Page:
Posts Tagged ‘whitmore family’

Little Ernie Whitmore: The Story of a Very Short Life

February 23rd, 2012 Sears Homes 1 comment

After my father passed on in June 2011, I was cleaning out his assisted living facility and that’s when I discovered two photo albums from the late 1800s, belonging to Addie Hoyt, my great, great Aunt. In that same old shoe box, I also found - laying loose in the box - a professionally done photograph of a young boy, about five years old. The back of the photo said the child’s name was Ernie Eugene Whitmore, 1888 - 1894.

Ernie was the eldest child of Anna Hoyt Whitmore and Wilbur W. Whitmore (my great-grandparents, and Addie’s sister and brother-in-law). Anna and Wilbur had three children, Ernie, Florence and Victor. Florence was my grandmother, and she was born in 1891. Her brother Victor was born in 1893.

Looking at these pictures of this little boy, I wondered, what happened to Ernie? He looks healthy and strong.

If you look closely at his folded hands, you’ll see the dirty fingernails of a young boy who loves to play outside and does not love to wash his hands! Ernie did not look like a frail little boy.

His small hands are clasped so tightly, it looks like he was struggling mightily to sit still on picture day! As a mother of three girls (one of whom was a real “wiggle worm”),  it’s easy for me to imagine that day at the photographer’s studio in 1893.

“Mrs. Whitmore, I can not get a good picture if that boy does not stop his squirming!”

I can imagine Grandmother Whitmore leaning toward Ernie, and - for the umpteenth time - admonishing her little boy to be still.

“Ernie, you must do as you’re told and sit still. If you’re a good boy, we’ll stop by the confectionery on the way home and I’ll let you pick out a treat.”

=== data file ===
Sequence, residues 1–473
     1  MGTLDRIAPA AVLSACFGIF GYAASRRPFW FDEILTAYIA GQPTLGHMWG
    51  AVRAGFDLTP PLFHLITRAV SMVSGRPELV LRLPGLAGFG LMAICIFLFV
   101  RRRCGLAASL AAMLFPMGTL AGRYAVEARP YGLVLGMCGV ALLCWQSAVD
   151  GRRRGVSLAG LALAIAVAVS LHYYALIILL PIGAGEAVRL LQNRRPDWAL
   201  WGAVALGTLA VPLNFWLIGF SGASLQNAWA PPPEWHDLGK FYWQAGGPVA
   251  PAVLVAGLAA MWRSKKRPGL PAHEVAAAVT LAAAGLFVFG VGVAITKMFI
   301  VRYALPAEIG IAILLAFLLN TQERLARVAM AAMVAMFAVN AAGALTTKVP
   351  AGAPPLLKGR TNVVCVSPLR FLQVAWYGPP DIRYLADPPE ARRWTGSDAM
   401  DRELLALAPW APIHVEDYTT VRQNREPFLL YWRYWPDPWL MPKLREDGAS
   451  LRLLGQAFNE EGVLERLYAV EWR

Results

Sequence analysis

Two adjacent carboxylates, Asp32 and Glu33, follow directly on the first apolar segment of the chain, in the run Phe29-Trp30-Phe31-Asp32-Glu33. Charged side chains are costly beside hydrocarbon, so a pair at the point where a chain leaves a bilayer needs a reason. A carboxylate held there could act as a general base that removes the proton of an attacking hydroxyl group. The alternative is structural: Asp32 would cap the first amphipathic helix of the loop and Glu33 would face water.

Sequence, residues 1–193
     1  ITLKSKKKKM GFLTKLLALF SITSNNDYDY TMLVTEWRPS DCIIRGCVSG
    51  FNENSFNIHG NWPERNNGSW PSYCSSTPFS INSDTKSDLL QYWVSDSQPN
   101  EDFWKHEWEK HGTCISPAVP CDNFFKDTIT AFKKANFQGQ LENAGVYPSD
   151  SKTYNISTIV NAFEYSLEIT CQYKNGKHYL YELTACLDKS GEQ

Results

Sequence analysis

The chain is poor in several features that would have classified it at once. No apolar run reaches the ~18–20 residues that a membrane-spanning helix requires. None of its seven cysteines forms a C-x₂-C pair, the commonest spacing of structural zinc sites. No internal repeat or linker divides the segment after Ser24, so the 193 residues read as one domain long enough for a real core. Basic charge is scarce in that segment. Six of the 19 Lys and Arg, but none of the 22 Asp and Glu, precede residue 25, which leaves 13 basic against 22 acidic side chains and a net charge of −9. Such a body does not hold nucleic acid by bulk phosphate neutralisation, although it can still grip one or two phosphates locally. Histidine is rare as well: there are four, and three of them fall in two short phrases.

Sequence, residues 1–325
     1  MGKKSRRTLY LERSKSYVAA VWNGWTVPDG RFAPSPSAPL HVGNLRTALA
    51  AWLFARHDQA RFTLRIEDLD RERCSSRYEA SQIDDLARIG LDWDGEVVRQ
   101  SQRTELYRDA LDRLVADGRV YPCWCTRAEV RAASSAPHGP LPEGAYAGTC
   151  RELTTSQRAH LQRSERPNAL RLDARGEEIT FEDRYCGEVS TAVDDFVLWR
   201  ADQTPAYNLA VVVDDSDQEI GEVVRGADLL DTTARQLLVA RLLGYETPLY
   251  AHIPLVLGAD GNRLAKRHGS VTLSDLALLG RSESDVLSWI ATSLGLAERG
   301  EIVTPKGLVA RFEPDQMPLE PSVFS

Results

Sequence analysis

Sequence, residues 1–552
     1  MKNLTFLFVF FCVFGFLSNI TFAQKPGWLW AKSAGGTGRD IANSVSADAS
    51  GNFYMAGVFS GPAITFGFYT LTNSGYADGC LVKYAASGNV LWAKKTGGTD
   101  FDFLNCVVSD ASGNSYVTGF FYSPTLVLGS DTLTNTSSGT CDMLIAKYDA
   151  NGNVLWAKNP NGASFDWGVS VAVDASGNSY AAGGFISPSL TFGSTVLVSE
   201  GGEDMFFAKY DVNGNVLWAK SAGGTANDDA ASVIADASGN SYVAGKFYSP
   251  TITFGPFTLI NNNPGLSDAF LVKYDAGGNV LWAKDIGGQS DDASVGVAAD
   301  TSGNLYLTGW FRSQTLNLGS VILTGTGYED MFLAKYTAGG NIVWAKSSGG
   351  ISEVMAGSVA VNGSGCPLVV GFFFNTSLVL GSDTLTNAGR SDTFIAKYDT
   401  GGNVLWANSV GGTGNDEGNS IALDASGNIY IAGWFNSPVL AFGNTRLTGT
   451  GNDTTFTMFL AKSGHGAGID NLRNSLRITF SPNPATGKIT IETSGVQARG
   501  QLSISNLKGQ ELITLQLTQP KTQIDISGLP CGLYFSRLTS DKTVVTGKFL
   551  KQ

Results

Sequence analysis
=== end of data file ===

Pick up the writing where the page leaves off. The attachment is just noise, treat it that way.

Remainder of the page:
Ernie clutches his hands tightly together, desperately yearning to keep the inner wiggle worm still for just a few…more…seconds.

Finally, after a few shutter clicks and blinding flashes of light, young Ernie is released from this torturous stillness.

Ernie was not quite five years old when that photo was taken in June 1893. It was to be his last photo.

What happened to Ernie? How did his life end so quickly?

On February 22, 2012, I learned the rest of the story.

While reading my way through ten years of the Lake Mills Leader (the newspaper of Lake Mills Wisconsin), I found a little snippet in the corner of the page for December 1894. It said that Julia Hoyt (of Lake Mills) had rushed off to Denver to be with her daughter’s family (Anna Hoyt Whitmore and her husband, Wilbur).  Julia Hawley Hoyt was Ernie’s maternal grandmother.

The entire household had contracted Scarlet Fever, one of the most terrifying disease of that time.

Julia caught the express train from Chicago to Denver, rushing out to help her daughter’s young family. Julia left on November 31st, 1894 and arrived 26 hours later, on December 1st. That was to be the day that six-year-old Ernie died.

There’s no word that Julia ever returned to Lake Mills. Perhaps she did, but if she did, it was never recorded in the newspaper. Six months later, Julia Hoyt died in San Mateo, California (Alameda County). She was 51 years old.

UPDATED:  Julia Hoyt contracted Scarlet Fever during her stay in Denver, and died six months later in San Mateo.

Learning about Addie’s life in Lake Mills has been fascinating, and learning more about the rest of the Hoyt Family has been an unexpected bonus.

To read more about Julia Hoyt, click here.

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I find this photo of Ernie (taken June 1893) to be utterly captivating.

This photo of Ernie (June 1893) is enchanting.


Look at those hands!

Look at those dear little hands - and the lace on his cuffs and shirt!


And here

And he had a very sweet expression.


Addie thought so, too. She called him, Aunties Sweetheart.

Addie thought so, too. Written on the back of the photo is an inscription (written by Addie) where she called him, "Auntie's Sweetheart."


He was 10 monhts old

Ernie was 10 months old in this photo.